Nathalie Huber | Source: Universität Zürich
Further information: www.mediadesk.uzh.ch
Further Reports about: anti-viral defense > biological function > cell death > chemical molecules > DNA > DNA viruses > fluorescence microscopy > human cell > infection mechanisms > single-molecule resolution > viral disease > viral DNA > viral DNA genomes > viral genome
More articles from Life Sciences:
ASU researchers discover chameleons use colorful language to communicate
12.12.2013 | Arizona State University
Sleep-deprived mice show connections among lack of shut-eye, diabetes, age
12.12.2013 | University of Pennsylvania School of Medicine
A unique solar panel design made with a new ceramic material points the way to potentially providing sustainable power cheaper, more efficiently, and requiring less manufacturing time.
It also reaches a four-decade-old goal of discovering a bulk photovoltaic material that can harness energy from visible and infrared light, not just ultraviolet light.
Scaling up this new design from its tablet-size prototype to a full-size solar panel would be a large step toward making solar power affordable compared with ...
Atlantische Flohkrebse pflanzen sich jetzt auch in arktischen Gewässern fort
Biologen des Alfred-Wegener-Institutes, Helmholtz-Zentrum für Polar- und Meeresforschung (AWI), haben zum ersten Mal nachgewiesen, dass sich in den arktischen Gewässern westlich Spitzbergens auch Flohkrebse aus dem wärmeren Atlantik fortpflanzen.
Diese überraschende Entdeckung deute auf einen möglichen Wandel der arktischen Zooplankton-Gemeinschaft hin, berichten die Wissenschaftler und Wissenschaftlerinnen in der Fachzeitschrift Marine Ecology ...
The molecular architecture of three key proteins and their complexes reveals how plants fine-tune their immune response to pathogens
Plants rarely get sick in their natural environment. When the threat of infection arises, a quick decision is made about the necessary countermeasures. The course is set by a protein which forms complexes with its partner proteins for this purpose.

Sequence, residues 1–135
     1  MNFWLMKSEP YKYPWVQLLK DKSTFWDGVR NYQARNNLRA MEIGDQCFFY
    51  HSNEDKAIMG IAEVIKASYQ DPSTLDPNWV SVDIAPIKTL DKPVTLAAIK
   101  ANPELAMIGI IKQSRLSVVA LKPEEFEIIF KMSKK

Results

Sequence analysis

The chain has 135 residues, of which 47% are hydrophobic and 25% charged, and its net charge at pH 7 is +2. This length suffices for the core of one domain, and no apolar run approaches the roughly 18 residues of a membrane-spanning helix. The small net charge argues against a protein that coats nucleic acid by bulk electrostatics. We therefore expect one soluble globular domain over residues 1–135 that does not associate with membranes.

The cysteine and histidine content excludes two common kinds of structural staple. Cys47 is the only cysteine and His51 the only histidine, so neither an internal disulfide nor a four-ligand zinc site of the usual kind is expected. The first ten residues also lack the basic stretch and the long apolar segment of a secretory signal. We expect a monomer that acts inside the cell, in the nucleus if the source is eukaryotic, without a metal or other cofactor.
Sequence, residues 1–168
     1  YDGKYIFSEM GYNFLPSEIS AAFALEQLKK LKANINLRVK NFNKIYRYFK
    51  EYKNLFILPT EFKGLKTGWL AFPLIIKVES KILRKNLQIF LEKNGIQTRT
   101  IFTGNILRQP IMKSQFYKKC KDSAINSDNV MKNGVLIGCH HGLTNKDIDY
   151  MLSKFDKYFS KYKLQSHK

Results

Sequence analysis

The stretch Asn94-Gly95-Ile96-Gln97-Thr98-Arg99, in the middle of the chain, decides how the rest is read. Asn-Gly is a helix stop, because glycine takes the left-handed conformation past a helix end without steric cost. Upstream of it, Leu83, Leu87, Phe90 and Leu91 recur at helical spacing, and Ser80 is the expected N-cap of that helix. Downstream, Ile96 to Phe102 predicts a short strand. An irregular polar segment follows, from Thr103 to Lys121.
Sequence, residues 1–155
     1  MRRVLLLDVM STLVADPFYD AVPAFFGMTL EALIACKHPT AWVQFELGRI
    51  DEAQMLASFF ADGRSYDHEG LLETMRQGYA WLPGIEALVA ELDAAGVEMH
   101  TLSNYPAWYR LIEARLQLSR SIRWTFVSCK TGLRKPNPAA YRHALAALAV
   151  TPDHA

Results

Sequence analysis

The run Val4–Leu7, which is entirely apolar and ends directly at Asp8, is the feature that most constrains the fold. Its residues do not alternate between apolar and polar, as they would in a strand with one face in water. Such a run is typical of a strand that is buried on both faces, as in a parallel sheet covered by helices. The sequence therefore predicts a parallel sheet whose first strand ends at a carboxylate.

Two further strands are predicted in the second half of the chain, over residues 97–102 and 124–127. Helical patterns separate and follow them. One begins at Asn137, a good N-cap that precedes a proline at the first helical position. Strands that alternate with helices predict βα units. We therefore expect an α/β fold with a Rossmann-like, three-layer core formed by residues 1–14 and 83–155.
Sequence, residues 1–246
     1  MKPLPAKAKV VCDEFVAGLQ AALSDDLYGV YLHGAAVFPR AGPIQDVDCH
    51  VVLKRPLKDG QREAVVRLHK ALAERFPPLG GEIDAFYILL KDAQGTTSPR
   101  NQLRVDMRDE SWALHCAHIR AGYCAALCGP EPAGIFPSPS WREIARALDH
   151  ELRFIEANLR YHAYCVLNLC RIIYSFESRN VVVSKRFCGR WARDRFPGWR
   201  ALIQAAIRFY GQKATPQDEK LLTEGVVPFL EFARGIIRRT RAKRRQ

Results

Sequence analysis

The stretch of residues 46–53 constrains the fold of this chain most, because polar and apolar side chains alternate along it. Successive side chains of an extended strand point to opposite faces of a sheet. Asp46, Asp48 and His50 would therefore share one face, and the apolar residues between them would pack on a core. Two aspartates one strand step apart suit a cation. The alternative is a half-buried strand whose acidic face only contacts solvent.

Jane Parker from the Max Planck Institute for Plant Breeding ...
Researchers studying speciation of butterfly orchids on the Azores have been startled to discover that the answer to a long-debated question "Do the islands support one species or two species?" is actually "three species".
Hochstetter's Butterfly-orchid, newly recognized following application of a battery of scientific techniques and reveling in a complex taxonomic history worthy of Sherlock Holmes, is arguably Europe's rarest orchid species. Under threat in its mountain-top retreat, the orchid urgently requires conservation recognition.
A lavishly illustrated publication, titled "Systematic revision of Platanthera in ...
Researchers from Brown University and the University of Hawaii have found some mineralogical surprises in the Moon's largest impact crater.
Data from the Moon Mineralogy Mapper that flew aboard India's Chandrayaan-1 lunar orbiter shows a diverse mineralogy in the subsurface of the giant South Pole Aitken basin.
The differing mineral signatures could be reflective of the minerals dredged up at the time of the giant impact 4 billion years ago, ...
12.12.2013 | Life Sciences
12.12.2013 | Earth Sciences
12.12.2013 | Studies and Analyses
11.12.2013 | Event News
10.12.2013 | Event News
05.12.2013 | Event News